Fitting flooring and wall tiles are two tasks that are commonly encountered by everyone at one time or another.
When it does, it is common to call up a local businesses to have them complete the job for you. Little did you know, with a little bit of research, gathering of the right equipment and motivation towards the job, those with little DIY experience can have a good go at fitting the floor and tiles of their dreams.
These tasks may be harder for some, so you will have to judge your confidence and ability, as only you know if you are capable, but for those ready for the challenge, we have devised an easy to follow ‘how to’ guide to take you through the steps of fitting both flooring and tiles.
1. Measure up!
It is important that you take accurate readings as it will influence your whole project and the outcome. Measure the length of the area that you are intending to tile, and then divide it by the length of the tile you are going to use.
Measure the width of the area you will cover and then divide it by the width of the tile. Round up the number of tiles for length and width, then multiply the two results to find out how many tiles you are going to need to complete your job. To allow for any breakages or poor cuts, add an extra 5% for wall tiles and 10% for flooring.
2. Plan your tile layout
Planning will allow you to avoid uneven spacing and poorly aligned rows of tiles. Use a consistently sized spacer between tiles to keep things evenly arranged. Such objects as a matchstick or plastic spacer will do this job nicely, allowing you to successfully grout later on.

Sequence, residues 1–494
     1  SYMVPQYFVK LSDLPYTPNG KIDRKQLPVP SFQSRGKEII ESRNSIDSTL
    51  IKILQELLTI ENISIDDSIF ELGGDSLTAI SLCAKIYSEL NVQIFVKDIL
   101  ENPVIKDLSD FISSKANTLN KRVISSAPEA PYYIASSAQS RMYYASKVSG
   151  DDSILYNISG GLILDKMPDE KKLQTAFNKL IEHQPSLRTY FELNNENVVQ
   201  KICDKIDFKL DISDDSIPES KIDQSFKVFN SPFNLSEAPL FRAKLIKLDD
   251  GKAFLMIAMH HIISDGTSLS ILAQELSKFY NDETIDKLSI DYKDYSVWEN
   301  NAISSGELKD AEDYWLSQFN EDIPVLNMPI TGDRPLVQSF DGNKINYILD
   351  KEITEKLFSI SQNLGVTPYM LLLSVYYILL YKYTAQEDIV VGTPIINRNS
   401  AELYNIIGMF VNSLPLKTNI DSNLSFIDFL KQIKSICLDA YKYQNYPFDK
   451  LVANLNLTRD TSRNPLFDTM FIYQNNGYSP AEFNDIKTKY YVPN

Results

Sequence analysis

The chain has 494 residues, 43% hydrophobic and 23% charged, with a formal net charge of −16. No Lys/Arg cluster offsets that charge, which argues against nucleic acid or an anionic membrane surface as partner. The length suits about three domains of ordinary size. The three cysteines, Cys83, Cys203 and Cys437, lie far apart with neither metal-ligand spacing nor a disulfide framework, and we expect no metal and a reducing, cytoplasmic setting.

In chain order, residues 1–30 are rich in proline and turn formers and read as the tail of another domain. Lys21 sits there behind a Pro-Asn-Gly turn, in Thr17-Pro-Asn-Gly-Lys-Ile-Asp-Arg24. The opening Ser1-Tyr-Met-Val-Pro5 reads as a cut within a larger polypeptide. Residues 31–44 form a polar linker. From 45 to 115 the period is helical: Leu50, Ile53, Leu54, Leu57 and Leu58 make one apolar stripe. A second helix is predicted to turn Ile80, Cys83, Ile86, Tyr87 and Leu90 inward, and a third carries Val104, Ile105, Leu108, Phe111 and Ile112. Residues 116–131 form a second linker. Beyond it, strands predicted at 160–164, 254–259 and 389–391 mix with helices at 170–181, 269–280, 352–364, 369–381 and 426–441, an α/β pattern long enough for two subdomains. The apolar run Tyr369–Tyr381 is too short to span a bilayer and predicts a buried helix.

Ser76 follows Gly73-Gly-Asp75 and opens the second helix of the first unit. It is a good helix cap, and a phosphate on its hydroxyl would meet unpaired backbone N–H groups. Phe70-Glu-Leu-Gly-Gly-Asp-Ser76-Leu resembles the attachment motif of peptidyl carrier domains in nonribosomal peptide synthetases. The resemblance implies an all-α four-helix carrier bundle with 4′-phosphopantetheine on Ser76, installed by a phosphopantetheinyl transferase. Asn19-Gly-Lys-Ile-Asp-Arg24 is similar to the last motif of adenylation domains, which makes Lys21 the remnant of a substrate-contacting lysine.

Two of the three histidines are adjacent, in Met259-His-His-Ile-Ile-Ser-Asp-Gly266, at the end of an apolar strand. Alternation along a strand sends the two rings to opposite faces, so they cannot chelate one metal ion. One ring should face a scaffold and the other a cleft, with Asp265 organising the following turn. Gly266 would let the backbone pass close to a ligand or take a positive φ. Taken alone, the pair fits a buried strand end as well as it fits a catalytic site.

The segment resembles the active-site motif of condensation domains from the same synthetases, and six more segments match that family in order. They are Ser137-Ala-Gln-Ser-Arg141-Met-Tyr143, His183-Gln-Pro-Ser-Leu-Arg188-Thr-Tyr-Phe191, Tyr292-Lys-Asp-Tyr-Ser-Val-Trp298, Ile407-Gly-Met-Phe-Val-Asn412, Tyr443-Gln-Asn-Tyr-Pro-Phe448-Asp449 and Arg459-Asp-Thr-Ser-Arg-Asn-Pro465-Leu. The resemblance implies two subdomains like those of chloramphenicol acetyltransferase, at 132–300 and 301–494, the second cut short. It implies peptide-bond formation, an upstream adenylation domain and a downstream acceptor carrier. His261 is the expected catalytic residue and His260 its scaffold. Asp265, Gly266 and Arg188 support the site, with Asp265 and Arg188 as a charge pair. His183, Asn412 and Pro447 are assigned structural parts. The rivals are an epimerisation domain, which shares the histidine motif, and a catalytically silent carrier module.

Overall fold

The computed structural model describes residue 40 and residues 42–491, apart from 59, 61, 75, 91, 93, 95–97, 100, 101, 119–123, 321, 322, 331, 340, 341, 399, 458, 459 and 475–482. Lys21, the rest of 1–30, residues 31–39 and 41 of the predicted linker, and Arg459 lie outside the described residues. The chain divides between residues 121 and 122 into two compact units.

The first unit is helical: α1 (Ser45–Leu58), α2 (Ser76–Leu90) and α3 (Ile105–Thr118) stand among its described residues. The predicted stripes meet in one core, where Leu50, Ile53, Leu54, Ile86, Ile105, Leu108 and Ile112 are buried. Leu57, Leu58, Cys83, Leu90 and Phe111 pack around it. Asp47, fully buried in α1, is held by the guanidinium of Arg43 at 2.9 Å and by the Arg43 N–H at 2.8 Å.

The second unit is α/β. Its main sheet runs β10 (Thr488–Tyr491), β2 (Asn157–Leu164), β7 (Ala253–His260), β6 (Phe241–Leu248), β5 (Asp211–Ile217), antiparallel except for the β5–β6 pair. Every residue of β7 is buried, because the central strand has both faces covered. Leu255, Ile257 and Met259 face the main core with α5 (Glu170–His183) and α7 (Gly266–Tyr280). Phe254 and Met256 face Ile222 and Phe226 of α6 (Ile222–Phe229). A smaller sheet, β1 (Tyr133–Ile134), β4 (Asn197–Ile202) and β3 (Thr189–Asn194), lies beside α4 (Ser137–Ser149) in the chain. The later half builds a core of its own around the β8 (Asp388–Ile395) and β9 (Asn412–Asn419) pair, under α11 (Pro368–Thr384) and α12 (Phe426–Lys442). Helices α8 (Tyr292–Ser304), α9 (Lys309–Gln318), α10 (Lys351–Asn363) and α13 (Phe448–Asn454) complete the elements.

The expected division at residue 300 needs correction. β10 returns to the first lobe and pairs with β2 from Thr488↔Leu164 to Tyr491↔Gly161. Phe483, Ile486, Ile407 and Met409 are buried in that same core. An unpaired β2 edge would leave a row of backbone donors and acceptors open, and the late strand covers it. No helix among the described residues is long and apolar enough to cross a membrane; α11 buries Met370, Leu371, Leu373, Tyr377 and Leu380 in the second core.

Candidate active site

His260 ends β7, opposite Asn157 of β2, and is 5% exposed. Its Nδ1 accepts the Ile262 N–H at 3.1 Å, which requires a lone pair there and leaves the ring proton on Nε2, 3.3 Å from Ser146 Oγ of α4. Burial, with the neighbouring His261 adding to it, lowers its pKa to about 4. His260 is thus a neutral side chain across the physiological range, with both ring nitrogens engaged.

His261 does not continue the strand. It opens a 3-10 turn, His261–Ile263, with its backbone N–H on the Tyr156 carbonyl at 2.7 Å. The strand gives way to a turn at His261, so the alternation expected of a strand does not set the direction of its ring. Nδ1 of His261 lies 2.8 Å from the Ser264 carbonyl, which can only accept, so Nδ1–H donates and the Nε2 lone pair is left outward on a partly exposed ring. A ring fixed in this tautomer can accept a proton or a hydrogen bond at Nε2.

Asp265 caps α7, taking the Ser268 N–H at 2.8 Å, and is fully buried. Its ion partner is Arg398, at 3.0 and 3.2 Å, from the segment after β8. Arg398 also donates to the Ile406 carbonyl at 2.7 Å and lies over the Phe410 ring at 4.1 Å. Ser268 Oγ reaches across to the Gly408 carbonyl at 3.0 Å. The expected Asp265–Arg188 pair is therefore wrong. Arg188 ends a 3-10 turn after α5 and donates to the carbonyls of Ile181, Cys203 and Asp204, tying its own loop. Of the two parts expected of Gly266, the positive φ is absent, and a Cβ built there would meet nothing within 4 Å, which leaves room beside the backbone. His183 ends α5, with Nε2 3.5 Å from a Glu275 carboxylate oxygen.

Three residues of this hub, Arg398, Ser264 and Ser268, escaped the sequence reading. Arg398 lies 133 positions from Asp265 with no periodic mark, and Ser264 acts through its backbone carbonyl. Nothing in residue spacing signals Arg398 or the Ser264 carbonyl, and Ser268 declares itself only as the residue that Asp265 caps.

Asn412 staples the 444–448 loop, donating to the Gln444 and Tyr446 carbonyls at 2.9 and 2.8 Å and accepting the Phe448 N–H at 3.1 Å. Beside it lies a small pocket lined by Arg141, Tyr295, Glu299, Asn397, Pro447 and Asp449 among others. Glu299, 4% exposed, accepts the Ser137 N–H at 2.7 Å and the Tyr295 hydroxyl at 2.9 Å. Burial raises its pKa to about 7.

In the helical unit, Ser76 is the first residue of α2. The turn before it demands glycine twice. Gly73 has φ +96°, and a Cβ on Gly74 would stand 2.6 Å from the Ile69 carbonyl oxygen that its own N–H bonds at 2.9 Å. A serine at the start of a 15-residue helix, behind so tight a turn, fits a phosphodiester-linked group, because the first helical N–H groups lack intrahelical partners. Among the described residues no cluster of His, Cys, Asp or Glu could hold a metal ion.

The most visible row of tiles will be the one along your room entrance, so this can be your starting point. Take a pencil and draw a line vertical to the main entrance. Lay dry tiles along the line to the other side of the room and fill the small section with a 1 inch thick piece of wood the signal the small gap that will be left. You then lay against this block.
Bear in mind that tiling a floor will raise the level, so consider this in regards to your door, which may need its length changing.
Mark up one wall at a time, and ensure horizontal lines match up by creating a base line running around all your walls. Take into account the items on the walls, such as window sills, door heads, bath tops and work tops. Think about the area you are tiling, and which side the full tile should be placed on. For example, if you’re tiling the bottom half of the wall, mis-cuts are better on the bottom, by the floor.
If you are working around a door frame or window, think about the effect of starting points, as it is best to have even tiles on either side of your window or door, consider the effect at either end of the walls.
3. Marking up!
Measure the height of the wall you are tiling and divide it by two. Mark this height on the wall. Using a spirit level, draw a horizontal line across the wall, marking out what will be the bottom of the lowest row of whole tiles. Secure a batten to the wall, which will signal the base of which you will start tiling from. To ensure you are measuring accurately, and tiles stay vertical, use a gauge rod to measure and mark at one metre intervals.
Marking tiles for cutting